Ek Main Aur Ekk Tu is one of those movies that you expect to be the typical romcom type – and it certainly does start out that way. However, despite its been-there-done-that premise, E.M.A.E.T. goes off on its own tangent and turns itself into a refreshing, fun movie that’s perfect for this time of the year.
Rahul Kapoor (Imran Khan) and Riana Braganza (Kareena Kapoor) are polar opposites; Rahul is the caged bird who follows his parents’ every word, from his career to whom he should date, whereas Riana, on the other hand, is the complete free bird – she’s never had any restrictions and lives life accordingly. The two meet in a chance encounter in Vegas and, following a night of heavy-duty drinking, get married spontaneously.
The story evolves from there, and the two become close friends. The post-interval session shifts to Mumbai (a good thing, too, because the Vegas backdrop does nothing for the film but aid in the “drunken marriage” set-up), where we get to see glimpses of Riana and Rahul’s families, which are total opposites, and make for some fun moments. The film is void of those extra dramatic twists, which could make it dull for some, but on the flipside, it makes for a very relatable film despite its outlandish premise. The dialogues are real, the characters relatable, the settings familiar and the climax is fresh and satisfying.
In terms of performances, the lead actors do a good job. Kareena carries her lively character well, with flashes of Geet from Jab We Met showing through. Imran plays his transitions subtly – you see the changes in his character slowly and quietly; he pulls it off very well, and especially shines in a dinner scene closer to the climax. The supporting cast does a good job too – Ratna Pathak Shah, in particular, plays a character very similar to her Sarabhai self, which will elicit a smile from those familiar with the show. Ram Kapoor‘s role is brief, but he manages to make an impression even then.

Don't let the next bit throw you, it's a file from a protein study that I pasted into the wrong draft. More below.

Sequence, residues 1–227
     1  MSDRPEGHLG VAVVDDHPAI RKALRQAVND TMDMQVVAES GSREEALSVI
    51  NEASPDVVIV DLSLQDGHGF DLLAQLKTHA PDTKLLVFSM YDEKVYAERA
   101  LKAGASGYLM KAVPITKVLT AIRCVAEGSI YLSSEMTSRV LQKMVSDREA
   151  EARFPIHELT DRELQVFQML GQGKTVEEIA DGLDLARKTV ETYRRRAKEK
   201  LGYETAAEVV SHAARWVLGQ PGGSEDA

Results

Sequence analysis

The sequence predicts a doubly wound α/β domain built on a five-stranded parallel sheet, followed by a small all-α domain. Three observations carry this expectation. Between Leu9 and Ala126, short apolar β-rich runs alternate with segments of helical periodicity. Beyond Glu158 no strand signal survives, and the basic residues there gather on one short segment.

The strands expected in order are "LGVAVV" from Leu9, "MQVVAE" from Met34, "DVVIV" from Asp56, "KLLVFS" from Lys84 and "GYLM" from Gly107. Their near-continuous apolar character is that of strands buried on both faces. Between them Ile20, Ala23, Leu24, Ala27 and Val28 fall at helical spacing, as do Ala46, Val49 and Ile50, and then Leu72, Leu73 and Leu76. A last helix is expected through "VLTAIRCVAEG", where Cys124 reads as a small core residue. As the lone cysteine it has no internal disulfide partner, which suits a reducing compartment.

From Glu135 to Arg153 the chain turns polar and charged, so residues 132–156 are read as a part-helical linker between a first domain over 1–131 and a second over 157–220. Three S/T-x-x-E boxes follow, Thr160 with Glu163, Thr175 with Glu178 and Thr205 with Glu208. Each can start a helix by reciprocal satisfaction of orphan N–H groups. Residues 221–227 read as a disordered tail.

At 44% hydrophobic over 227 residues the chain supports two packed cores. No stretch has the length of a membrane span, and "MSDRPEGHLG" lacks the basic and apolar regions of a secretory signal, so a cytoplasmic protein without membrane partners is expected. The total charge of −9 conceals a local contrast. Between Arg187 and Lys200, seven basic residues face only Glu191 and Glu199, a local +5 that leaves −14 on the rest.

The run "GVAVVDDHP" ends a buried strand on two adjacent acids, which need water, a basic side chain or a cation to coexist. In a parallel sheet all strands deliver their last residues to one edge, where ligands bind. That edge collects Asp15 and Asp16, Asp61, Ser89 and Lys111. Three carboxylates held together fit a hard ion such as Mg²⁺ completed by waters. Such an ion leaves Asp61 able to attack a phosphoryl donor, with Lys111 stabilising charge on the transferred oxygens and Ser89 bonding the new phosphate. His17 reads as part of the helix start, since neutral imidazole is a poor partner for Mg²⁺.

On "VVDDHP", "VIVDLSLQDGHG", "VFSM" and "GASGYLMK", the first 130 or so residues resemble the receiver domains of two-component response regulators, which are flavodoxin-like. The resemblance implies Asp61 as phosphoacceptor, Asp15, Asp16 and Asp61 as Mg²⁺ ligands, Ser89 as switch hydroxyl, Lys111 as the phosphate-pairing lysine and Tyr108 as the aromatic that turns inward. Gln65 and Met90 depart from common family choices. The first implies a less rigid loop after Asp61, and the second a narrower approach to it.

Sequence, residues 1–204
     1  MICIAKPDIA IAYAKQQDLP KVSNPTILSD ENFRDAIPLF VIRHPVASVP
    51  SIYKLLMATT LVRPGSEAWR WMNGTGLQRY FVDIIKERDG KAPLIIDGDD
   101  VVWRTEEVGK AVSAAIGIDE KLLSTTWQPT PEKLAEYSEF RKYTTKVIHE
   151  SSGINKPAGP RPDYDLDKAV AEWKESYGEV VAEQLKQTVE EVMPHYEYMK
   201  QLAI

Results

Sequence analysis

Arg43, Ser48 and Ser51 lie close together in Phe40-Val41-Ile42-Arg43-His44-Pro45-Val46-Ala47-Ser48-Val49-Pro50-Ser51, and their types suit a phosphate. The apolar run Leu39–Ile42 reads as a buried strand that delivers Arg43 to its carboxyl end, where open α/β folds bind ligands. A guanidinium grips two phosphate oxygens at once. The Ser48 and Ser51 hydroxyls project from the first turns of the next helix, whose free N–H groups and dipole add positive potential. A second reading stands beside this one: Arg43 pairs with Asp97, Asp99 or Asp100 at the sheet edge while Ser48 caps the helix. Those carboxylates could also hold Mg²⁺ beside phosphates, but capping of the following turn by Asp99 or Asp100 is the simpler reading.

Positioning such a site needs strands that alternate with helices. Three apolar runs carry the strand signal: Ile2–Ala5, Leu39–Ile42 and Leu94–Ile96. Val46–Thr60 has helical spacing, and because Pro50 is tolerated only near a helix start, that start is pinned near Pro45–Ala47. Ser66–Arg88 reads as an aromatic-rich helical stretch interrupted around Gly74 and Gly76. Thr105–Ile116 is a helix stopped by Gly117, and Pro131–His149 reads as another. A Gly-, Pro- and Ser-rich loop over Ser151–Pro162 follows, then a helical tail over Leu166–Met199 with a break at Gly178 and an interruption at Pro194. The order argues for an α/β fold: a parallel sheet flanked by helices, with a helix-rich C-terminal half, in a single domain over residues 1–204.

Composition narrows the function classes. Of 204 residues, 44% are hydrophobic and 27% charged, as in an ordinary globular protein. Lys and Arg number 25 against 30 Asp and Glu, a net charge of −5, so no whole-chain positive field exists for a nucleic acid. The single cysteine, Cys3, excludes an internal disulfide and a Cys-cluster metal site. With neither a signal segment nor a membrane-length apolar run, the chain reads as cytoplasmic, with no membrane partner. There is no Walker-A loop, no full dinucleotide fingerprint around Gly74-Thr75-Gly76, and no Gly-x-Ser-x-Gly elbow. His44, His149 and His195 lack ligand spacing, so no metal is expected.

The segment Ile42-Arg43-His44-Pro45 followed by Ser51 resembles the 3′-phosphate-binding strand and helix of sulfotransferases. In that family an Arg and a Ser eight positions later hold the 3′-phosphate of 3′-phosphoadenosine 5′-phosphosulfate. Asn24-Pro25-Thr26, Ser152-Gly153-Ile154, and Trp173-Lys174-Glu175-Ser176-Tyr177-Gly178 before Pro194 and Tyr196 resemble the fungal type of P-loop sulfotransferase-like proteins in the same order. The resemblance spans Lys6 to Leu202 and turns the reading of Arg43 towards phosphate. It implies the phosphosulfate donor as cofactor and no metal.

Ek Main Aur Ekk Tu‘s biggest win is its length – it’s barely two hours long & the interval arrives before you know it. It’s edited very well, which makes for a crisp film that moves along at a decent pace. The cinematography is great, the soundtrack fits the film perfectly, and the direction is excellent. Overall, it’s a well-made film that satisfies the desire for a light, breezy movie.